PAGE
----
With fast-moving InsurTech innovators entering the industry, our expert panel discusses how brokers can react and prepare for more changes
Chief executive officer, Digital FinePrint
Chief digital officer, Arthur J. Gallagher
Chief executive officer, so-sure
Executive chairman, Brightside
Head of digital strategy and innovation, iGo4
Head of M&A and innovation, Axa UK
Head of corporate affairs, the British Insurance Brokers’ Association
Chief executive officer, Konsileo
The InsurTech agenda has changed from disruption to partnerships – why?
▶ Andy: It sounds easier to disrupt than it is. The regulatory bar is high and it’s a relationship-driven business. If you don’t already have those relationships in place it can be difficult compared to an incumbent. Unique to insurance is that as well as investment capital, you need underwriting capital and with little understanding of the industry it can be difficult to arrange that capacity.
▶ Mark: Originally people thought they could disrupt the industry so easily that they actually brought out tech solutions – but to what problem? Those solutions weren’t customer orientated. InsurTech adds value in a land where private equity wants to acquire and invest in businesses. But essentially it’s about understanding how the technology collaborates with the people who understand the customers.
▶ Simon: It’s a matter of timing as well. It takes 12 months for an underwriter to actually create capacity and even then it’s small. You can’t get to enough scale before you’ve run out of money. The start-ups are starting to realise that getting to scale is much harder than they thought previously unlike any of these other industries where the regulation aspect alone doesn’t act as a blocker. And incumbents are realising that they can lean on these start-ups to help create some agility in their organisations.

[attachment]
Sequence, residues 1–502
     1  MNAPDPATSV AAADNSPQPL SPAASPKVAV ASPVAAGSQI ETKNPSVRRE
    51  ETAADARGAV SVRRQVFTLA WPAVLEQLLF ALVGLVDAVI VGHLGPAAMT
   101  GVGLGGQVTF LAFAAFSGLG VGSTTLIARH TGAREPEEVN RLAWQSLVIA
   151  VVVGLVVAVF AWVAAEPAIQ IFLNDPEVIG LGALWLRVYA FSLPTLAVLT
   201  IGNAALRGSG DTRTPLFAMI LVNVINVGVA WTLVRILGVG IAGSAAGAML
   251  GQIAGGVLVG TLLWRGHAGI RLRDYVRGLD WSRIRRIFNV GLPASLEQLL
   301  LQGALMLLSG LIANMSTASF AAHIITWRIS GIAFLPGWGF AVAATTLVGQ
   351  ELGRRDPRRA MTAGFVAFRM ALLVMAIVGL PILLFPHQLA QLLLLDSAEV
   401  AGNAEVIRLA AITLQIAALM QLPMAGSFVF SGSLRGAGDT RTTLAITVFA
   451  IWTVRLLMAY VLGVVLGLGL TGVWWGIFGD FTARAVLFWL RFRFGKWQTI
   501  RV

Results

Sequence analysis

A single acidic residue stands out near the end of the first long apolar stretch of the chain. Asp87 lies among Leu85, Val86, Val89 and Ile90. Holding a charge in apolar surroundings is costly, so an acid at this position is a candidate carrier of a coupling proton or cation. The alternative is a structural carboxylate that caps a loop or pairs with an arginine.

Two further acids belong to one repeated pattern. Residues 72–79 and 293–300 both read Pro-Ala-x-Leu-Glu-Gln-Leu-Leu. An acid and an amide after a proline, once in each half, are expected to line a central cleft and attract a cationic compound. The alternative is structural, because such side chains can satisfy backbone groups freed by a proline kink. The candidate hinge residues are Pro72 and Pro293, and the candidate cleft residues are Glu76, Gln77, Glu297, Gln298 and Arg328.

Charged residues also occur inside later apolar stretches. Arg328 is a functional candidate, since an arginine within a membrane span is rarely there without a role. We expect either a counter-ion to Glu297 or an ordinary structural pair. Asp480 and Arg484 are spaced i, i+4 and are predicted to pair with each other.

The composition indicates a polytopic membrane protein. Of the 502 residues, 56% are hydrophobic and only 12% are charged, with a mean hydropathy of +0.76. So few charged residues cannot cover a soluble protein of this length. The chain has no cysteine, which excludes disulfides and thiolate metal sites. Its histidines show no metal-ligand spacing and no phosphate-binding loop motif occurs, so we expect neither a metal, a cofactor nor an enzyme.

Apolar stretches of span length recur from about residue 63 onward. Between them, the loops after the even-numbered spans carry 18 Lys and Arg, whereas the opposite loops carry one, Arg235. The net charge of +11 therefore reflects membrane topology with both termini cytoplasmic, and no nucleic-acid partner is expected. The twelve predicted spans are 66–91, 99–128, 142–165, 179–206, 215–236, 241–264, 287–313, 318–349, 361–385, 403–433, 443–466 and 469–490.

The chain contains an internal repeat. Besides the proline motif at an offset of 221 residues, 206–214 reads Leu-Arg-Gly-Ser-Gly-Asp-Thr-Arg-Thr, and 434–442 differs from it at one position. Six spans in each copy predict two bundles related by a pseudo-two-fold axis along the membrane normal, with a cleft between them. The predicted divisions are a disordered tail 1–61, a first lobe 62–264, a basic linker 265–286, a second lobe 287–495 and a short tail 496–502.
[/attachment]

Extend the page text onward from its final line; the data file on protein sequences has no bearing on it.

What is the difference between innovation in personal and commercial lines?
▶ Vivek: The initial InsurTech offerings were all personal lines focused, largely reflecting the fact that a lot of start-up entrepreneurs will have greater personal experience of those products. There were some attractive opportunities in commercial lines, but there the buying behaviour of customers is different. Brokers are much more strongly entrenched in that market.
▶ Erik: I worked for Twitter before coming into insurance. In technology we tend to think about 10x – whether you can quantify a 10x benefit to customers should be the real metric. If you are an InsurTech and you’re targeting end consumers in personal lines then either you need to try to find a way to decrease prices by 90% or you need to add 10 times more value than an insurance company that has been around for years.
▶ Dylan: It’s hard to build a brand in personal lines. That said, trust in insurance is so low that frankly you can do it if you’ve got a truly differentiated product. There were a lot of people and backing going into this space initially. But if you look at Google AdWords insurance is the most expensive of all industries. The short-term capital backing these opportunities gets impatient very quickly when they realise insurance doesn’t go viral overnight.
The regulatory bar is high and it’s a relationship-driven business. If you don’t already have those relationships in place it can be difficult compared to an incumbentAndy Thornley
What is the biggest challenge for brokers in InsurTech?
▶ John: The elephant in the room, particularly for commercial lines brokers, is that they are beholden to one of four software houses. Most brokers have got one arm behind their back when it comes to tech because they don’t control any of the levers related to it. And that is really a constraint on innovation.
▶ Andy: Moving from one software house to the other sounds like it should be easy but it’s not. That’s why a lot of brokers are reticent to move even when one particular software house has tech issues. You’d think that would be the starting pistol for a big exodus of customers but that didn’t happen. That said there’s innovation which doesn’t have to include software houses.
▶ Simon: People have the mentality that it can’t be done in insurance. It’s too big, too complex, there’s too much regulation and too many hoops to jump through. But actually when you find the stories of companies just trying small things they can add up to meaningful innovation at a corporate level, which starts to shift the momentum.
▶ Mark: The frustration is if I step back 25-30 years we used to have think tanks about how we can get policies that were more than 12 months long. Thirty years on those groups are still meeting. The industry is slightly strangled by its legacy and regulation.
The short-term capital backing these opportunities gets impatient very quickly when they realise insurance doesn’t go viral overnightDylan Bourguignon
How can these challenges be overcome?